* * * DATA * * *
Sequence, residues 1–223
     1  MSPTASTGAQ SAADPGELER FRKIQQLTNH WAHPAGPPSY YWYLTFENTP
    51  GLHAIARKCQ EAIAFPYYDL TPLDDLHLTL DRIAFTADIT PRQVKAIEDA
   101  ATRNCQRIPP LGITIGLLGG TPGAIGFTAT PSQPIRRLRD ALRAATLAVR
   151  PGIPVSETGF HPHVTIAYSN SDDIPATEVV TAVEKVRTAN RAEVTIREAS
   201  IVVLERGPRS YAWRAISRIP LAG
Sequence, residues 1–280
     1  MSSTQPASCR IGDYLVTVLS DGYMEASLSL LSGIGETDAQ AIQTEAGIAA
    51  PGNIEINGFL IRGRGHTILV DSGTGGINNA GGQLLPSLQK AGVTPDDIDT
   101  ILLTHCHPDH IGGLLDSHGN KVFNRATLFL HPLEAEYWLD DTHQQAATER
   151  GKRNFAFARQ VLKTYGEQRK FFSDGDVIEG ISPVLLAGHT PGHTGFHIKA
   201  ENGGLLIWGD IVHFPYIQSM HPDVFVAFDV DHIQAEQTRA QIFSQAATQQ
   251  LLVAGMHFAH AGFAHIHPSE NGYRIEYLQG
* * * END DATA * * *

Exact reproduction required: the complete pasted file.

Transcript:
Sequence, residues 1–223
     1  MSPTASTGAQ SAADPGELER FRKIQQLTNH WAHPAGPPSY YWYLTFENTP
    51  GLHAIARKCQ EAIAFPYYDL TPLDDLHLTL DRIAFTADIT PRQVKAIEDA
   101  ATRNCQRIPP LGITIGLLGG TPGAIGFTAT PSQPIRRLRD ALRAATLAVR
   151  PGIPVSETGF HPHVTIAYSN SDDIPATEVV TAVEKVRTAN RAEVTIREAS
   201  IVVLERGPRS YAWRAISRIP LAG
Sequence, residues 1–280
     1  MSSTQPASCR IGDYLVTVLS DGYMEASLSL LSGIGETDAQ AIQTEAGIAA
    51  PGNIEINGFL IRGRGHTILV DSGTGGINNA GGQLLPSLQK AGVTPDDIDT
   101  ILLTHCHPDH IGGLLDSHGN KVFNRATLFL HPLEAEYWLD DTHQQAATER
   151  GKRNFAFARQ VLKTYGEQRK FFSDGDVIEG ISPVLLAGHT PGHTGFHIKA
   201  ENGGLLIWGD IVHFPYIQSM HPDVFVAFDV DHIQAEQTRA QIFSQAATQQ
   251  LLVAGMHFAH AGFAHIHPSE NGYRIEYLQG